Tag: soil structure

Soil structure describes the arrangement of the solid parts of the soil and of the pore space located between them. It is determined by how individual soil granules clump or bind together and aggregate, and therefore, the arrangement of soil pores between them. Soil structure has a major influence on water and air movement, biological activity, root growth and seedling emergence.

Stormwater Irrigation

During recent decades there has been a growing national recognition that shrubs and trees in urban landscapes have both environmental and socioeconomic value. Research has shown that vegetation along streets and parking lots can lower urban temperatures and energy consumption (Halverson and Heisler 1981, Scott et al. 1999); filter, degrade,

Improving the Soil

Improving the Soil

In revegetation, everything begins with the soil—usually poor soil.

Soils may become degraded during the construction of buildings, roadside projects, or mining or landfill operations, or because of overgrazing or deforestation. They lose their topsoil, usually the top 2- to 8-inch layer of the soil, where the most important nutrients lie.

Stopping Dust

Stopping Dust

Years ago, dust was an accepted result of construction, of driving on unpaved roads, and of some industrial activities. In 1970, the Clean Air Act changed that. Three types of particulate matter (less than 10 microns, less than 2½ microns, and lead) were classified as health hazards. State and local

Compost: The Sustainable Solution

Compost: The Sustainable Solution

The use of recycled organics is one of our nation’s greatest assets, and we can utilize them to address several of society’s vexing challenges. The commercialization of composting as an economic method to manage organic (carbon-based) “wastes” got its rebirth in the late 1970s, and has grown from coast to

Compost: The Sustainable Solution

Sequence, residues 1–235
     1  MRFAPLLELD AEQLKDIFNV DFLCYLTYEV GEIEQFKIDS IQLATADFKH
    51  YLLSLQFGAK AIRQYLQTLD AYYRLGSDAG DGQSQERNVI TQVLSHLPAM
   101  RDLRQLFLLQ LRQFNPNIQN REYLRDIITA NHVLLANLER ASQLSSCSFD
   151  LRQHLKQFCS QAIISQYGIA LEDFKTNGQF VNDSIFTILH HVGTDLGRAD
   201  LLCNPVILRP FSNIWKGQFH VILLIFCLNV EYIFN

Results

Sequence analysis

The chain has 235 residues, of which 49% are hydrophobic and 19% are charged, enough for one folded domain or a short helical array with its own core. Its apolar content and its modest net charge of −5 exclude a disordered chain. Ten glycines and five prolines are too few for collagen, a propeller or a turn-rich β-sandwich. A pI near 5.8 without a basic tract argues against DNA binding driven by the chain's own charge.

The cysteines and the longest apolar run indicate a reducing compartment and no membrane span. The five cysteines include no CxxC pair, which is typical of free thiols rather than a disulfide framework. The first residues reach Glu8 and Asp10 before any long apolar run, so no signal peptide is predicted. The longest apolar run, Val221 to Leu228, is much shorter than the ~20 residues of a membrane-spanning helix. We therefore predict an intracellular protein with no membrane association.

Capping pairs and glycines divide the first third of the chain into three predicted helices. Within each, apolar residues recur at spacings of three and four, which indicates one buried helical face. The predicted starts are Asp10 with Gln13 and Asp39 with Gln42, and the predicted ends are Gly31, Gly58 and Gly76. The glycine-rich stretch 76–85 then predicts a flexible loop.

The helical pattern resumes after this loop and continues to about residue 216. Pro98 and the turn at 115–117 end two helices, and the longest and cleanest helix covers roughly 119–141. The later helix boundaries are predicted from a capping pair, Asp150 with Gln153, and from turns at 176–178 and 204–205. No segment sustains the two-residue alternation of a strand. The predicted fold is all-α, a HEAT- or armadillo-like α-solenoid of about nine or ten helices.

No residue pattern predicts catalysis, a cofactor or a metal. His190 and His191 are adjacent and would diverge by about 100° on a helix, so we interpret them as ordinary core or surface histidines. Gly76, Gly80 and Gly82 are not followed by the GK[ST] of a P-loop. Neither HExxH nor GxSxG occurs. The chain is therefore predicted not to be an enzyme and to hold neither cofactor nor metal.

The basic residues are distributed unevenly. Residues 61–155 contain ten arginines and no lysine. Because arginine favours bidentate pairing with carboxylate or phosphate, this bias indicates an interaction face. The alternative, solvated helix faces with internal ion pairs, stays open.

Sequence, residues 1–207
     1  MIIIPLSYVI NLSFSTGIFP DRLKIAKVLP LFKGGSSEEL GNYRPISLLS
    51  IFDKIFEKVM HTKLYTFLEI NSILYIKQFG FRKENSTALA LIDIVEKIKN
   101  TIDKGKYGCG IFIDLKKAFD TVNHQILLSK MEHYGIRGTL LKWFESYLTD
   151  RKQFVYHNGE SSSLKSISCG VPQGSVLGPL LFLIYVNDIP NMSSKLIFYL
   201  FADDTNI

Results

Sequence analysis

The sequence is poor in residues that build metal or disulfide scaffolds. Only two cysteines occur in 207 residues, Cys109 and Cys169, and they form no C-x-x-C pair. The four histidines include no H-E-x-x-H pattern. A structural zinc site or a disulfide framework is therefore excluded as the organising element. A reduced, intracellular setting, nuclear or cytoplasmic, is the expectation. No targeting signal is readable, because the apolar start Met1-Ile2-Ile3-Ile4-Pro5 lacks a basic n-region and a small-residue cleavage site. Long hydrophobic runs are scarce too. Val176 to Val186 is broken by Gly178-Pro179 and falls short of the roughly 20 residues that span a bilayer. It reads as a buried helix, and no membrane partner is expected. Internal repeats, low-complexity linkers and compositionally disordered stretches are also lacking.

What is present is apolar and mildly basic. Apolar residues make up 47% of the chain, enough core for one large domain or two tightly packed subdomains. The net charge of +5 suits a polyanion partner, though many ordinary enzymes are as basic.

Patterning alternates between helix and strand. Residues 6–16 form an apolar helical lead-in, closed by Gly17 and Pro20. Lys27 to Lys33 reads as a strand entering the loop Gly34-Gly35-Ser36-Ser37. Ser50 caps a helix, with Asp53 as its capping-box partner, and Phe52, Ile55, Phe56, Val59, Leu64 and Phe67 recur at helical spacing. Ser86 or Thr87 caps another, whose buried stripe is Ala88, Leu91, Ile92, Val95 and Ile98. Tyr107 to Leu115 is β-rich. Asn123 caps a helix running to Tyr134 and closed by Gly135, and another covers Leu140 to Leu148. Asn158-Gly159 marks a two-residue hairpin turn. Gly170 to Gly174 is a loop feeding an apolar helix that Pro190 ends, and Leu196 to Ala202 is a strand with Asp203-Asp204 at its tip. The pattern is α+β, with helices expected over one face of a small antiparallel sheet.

Compost: The Sustainable Solution

The use of recycled organics is one of our nation’s greatest assets, and we can utilize them to address several of society’s vexing challenges. The commercialization of composting as an economic method to manage organic (carbon-based) “wastes,” got its rebirth in the late 1970s, and has grown from coast to

Stabilizing Hillsides and Creek Bottoms

Stabilizing Hillsides and Creek Bottoms

The rolling landscape of Scott County, MN, is rural but not particularly remote. “That area is farm country, and the Minnesota River goes through the entire area. On the top of the bluffs it’s farmland, but at the river, the elevation drops about 200 feet in 800 feet,” says Paul

Improving the Soil

Improving the Soil

In revegetation, everything begins with the soil . . . usually poor soil.

Soils may become degraded during the construction of buildings, roadside projects, or mining or landfill operations, or because of overgrazing or deforestation. They lose their topsoil, usually the top 2- to 8-inch layer of the soil, where the

Compost: The Sustainable Solution

Compost: The Sustainable Solution

The use of recycled organics is one of our nation’s greatest assets, and we can utilize them to address several of society’s vexing challenges. The commercialization of composting as an economic method to manage organic (carbon-based) “wastes,” got its rebirth in the late 1970s, and has grown from coast to

Dust Control Product Round Up

Dust Control Product Round Up

Whether you’re working on roads or deep in a mine; dust control is important in the health of the workers, surrounding communities, and neighboring vegetation. Choosing the proper dust control product depends on the needs of the site, the soil, and weather. In this article, author Ed Ritchie examines several

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